Just days after voting against same-sex marriage, GOP lawmaker attends his gay son’s weddingJuly 26, 2022
As defined on the website, HB 8404 “repeals and replaces provisions that define, for purposes of federal law, marriage as between a man and a woman and spouse as a person of the opposite sex with provisions that recognize any marriage that is valid under state law.” The bill also includes the protection of interracial marriage.
According to Centre Daily, Stone called the bill a “messaging stunt” for Democrats. And in an email, Stone added, “This bill was nothing more than an election-year messaging stunt for Democrats in Congress who have failed to address historic inflation and out-of-control prices at gas pumps and grocery stores.”
If the U.S. Supreme Court overturns the 2015 ruling on Obergefell v. Hodges—and that’s certainly the hope of Justice Clarence Thomas, who wrote in his Dobbs v. Jackson Women’s Health Organization opinion to repeal federal abortion protections that legalizing same-sex marriage at the federal level was one of the court’s “demonstrably erroneous decisions”—same-sex marriage would become illegal in 25 U.S. states, according to PolitiFact.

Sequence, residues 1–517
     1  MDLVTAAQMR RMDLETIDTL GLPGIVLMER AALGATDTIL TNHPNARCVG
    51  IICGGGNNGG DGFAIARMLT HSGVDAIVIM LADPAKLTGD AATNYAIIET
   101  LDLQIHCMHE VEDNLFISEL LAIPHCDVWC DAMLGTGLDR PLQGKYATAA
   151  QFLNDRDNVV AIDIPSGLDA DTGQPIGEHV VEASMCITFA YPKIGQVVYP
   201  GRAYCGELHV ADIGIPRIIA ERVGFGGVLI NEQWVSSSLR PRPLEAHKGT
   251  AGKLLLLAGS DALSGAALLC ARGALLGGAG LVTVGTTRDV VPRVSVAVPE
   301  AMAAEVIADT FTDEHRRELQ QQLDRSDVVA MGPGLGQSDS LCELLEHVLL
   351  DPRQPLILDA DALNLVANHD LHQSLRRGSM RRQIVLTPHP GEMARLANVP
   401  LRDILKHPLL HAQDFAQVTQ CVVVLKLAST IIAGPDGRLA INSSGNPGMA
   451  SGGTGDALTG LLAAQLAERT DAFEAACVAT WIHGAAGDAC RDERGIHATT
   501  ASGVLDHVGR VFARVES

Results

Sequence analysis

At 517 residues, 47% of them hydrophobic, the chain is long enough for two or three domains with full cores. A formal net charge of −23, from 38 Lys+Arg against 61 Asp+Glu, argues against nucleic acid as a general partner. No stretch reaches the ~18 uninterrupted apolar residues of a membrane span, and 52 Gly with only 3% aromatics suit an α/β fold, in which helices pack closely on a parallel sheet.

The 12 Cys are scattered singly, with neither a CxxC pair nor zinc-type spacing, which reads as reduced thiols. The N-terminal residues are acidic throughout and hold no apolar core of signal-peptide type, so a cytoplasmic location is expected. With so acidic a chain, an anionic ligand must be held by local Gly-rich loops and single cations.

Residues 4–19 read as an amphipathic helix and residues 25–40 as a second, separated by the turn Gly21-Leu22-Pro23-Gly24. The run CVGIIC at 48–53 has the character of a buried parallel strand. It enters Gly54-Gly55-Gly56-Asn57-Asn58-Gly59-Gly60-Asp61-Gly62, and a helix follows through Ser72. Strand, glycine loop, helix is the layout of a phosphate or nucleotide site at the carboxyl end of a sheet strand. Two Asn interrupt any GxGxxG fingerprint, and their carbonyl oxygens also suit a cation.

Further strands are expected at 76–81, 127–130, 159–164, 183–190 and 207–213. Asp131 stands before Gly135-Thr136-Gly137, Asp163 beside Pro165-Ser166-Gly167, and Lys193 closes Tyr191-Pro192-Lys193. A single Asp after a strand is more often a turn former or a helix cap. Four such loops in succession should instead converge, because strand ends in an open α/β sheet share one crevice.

As reported by The Dallas Morning News, Sen. Ted Cruz accused the Supreme Court of being “clearly wrong” when it affirmed the legal right of same-sex marriages and added that the court “ignored two centuries of our nation’s history.”
On July 16, on Cruz’s show Verdict with Ted Cruz, the senator said:
“Marriage was always an issue that was left to the states. … We saw states before Obergefell that were moving, some states were moving to allow gay marriage; other states were moving to allow civil partnerships.”
A Marquette Law School poll taken in early July shows that 66% of respondents favor the right to same-sex marriage, and 84% are in favor of federal civil rights laws that protect folks in the LGBTQ+ community from workplace discrimination.
Fortunately, 47 Republican House members joined Democrats and voted in favor of the Respect for Marriage Act. The legislation now heads for the Senate, where who knows what will happen.